# Thread: Annihilators and subspaces

1. ## Annihilators and subspaces

Hi,

Problem:
If M and N are subspaces of a finite-dimensional vector space, then $\displaystyle (M \cap N)^0=M^0+N^0$ and $\displaystyle (M+N)^0=M^0 \cap N^0$.
($\displaystyle M^0$ and $\displaystyle N^0$ are the annihilators of M and N, respectively)

Attempt:
Not much I can do here, but I know that if $\displaystyle M \subset N$, then $\displaystyle N^0 \subset M^0$.
I also know that $\displaystyle M^{00}=(=(M^0)^0)=M$. I think the author wants me to use these two facts to prove the given statement.

Any hints are greatly appreciated.

Thanks.

2. dont think that you need to use those facts that you mentioned, basicly what you have is two sets, so you need to show that one set is a subset of other and opposite.

3. Originally Posted by Mollier
Hi,

Problem:
If M and N are subspaces of a finite-dimensional vector space, then $\displaystyle (M \cap N)^0=M^0+N^0$ and $\displaystyle (M+N)^0=M^0 \cap N^0$.
($\displaystyle M^0$ and $\displaystyle N^0$ are the annihilators of M and N, respectively)

Attempt:
Not much I can do here, but I know that if $\displaystyle M \subset N$, then $\displaystyle N^0 \subset M^0$.
I also know that $\displaystyle M^{00}=(=(M^0)^0)=M$. I think the author wants me to use these two facts to prove the given statement.

Any hints are greatly appreciated.

Thanks.

Hints (easy): (a) $\displaystyle U\subset W\Longrightarrow W^0\subset U^0$ , (b) $\displaystyle A\subset A^{00}\,,\,\,\forall$ subset $\displaystyle A\subset V$ , (c) $\displaystyle U=U^{00}$ if $\displaystyle U$ is a subspace of $\displaystyle V$, and thus we get:

(1) $\displaystyle M^0+N^0\subset (M\cap N)^0$ (why?);

(2) $\displaystyle (M+N)^0\subset M^0\cap N^0$ (why?)

Take now the annihilator in both sides in (1) and use (a) and (c) above:

(3) $\displaystyle M\cap N=(M\cap N)^{00}\subset (M^0+N^0)^0$ , and now use (2) above (with $\displaystyle M^0\,,\,N^0$ instead of $\displaystyle M\,,\,N$), and you get

(4) $\displaystyle (M^0+N^0)^0\subset M^{00}\cap N^{00}= M\cap N$ , so from (3)-(4) you get

(5) $\displaystyle M\cap N\subset (M^0+N^0)^0\subset M\cap N$ , and this means the inclusions (3)-(4) must be equalities ; but this means that the annihilators of both sides in (1) are equal , and thus we get the wanted equality because of the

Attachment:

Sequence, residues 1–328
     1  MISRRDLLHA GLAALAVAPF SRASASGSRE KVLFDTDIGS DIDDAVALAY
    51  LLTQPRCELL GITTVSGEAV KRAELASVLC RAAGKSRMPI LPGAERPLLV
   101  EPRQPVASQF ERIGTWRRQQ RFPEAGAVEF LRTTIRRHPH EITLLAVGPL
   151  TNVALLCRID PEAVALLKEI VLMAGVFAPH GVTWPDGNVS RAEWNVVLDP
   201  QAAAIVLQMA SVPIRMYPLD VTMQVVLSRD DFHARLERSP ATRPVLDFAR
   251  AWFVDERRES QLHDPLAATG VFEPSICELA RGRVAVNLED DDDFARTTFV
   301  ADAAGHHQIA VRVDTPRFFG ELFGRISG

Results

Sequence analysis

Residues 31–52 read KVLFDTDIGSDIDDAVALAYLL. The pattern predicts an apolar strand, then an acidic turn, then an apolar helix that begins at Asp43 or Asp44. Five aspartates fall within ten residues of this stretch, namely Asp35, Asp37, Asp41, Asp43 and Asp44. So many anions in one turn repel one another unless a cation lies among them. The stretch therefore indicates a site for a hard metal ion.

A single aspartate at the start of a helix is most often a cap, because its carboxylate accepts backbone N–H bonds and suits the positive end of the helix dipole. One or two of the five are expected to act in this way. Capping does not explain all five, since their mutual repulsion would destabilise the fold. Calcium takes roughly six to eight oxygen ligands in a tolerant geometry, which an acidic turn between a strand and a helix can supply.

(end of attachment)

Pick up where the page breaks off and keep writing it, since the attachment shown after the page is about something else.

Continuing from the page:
Hint (easy, too) (d) If $\displaystyle U\,,\,W$ subspaces of $\displaystyle V\,,\,\,s.t.\,\,\,U\neq W$ , then $\displaystyle U^0\neq W^0$

Try now to complete the proof of the second equality by yourself.

Tonio

Pd. I don't know any proof of these equalities that is less messy than the above, which is not hard but requires concentration in details and lots of careful "connecting the dots"

4. Hi, apologies for the late reply. The last few days have been a mess so no time for math

Originally Posted by tonio
(1) $\displaystyle M^0+N^0\subset (M\cap N)^0$ (why?);

(2) $\displaystyle (M+N)^0\subset M^0\cap N^0$ (why?)
The only thing I can come up with is that since $\displaystyle M \cap N \subset M+N$, then $\displaystyle (M+N)^0 \subset (M \cap N)^0$, but that doesn't really prove either (1) nor (2)..

Originally Posted by tonio
Try now to complete the proof of the second equality by yourself.
I figure that I need to show that $\displaystyle M^0 \cap N^0 \subset (M^0+N^0)$. If I assume that (2) is true, I should be able to take the annihilator of both sides of (2) and get to the wanted result.
$\displaystyle ((M+N)^0)^0 \subset (M^0 \cap N^0)^0$
Then by (a) I have that
$\displaystyle (M^0 \cap N^0) \subset (M+N)^0$

Ah, I find this to be really hard!

Thanks!

5. Originally Posted by Mollier
Hi, apologies for the late reply. The last few days have been a mess so no time for math

The only thing I can come up with is that since $\displaystyle M \cap N \subset M+N$, then $\displaystyle (M+N)^0 \subset (M \cap N)^0$, but that doesn't really prove either (1) nor (2)..

Indeed, that doesn't...but $\displaystyle M\cap N\subset M\Longrightarrow M^0\subset (M\cap N)^0\,,\,\,and\,\,\,also\,\,\,M\cap N\subset N\Longrightarrow N^0\subset (M\cap N)^0$ and now you get what you wanted...

I figure that I need to show that $\displaystyle M^0 \cap N^0 \subset (M^0+N^0)$. If I assume that (2) is true, I should be able to take the annihilator of both sides of (2) and get to the wanted result.
$\displaystyle ((M+N)^0)^0 \subset (M^0 \cap N^0)^0$
Then by (a) I have that
$\displaystyle (M^0 \cap N^0) \subset (M+N)^0$

Ah, I find this to be really hard!

Yes, it really requires concentration. Try again, since the last days you did no much math (or at all).

Tonio

Thanks!
.